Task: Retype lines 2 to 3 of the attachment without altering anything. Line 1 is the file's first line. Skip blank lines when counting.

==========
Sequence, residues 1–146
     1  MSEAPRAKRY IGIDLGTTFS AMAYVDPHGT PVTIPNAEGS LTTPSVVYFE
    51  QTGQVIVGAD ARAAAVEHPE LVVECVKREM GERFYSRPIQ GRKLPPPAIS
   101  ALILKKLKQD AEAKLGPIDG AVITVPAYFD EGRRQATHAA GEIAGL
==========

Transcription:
     1  MSEAPRAKRY IGIDLGTTFS AMAYVDPHGT PVTIPNAEGS LTTPSVVYFE
    51  QTGQVIVGAD ARAAAVEHPE LVVECVKREM GERFYSRPIQ GRKLPPPAIS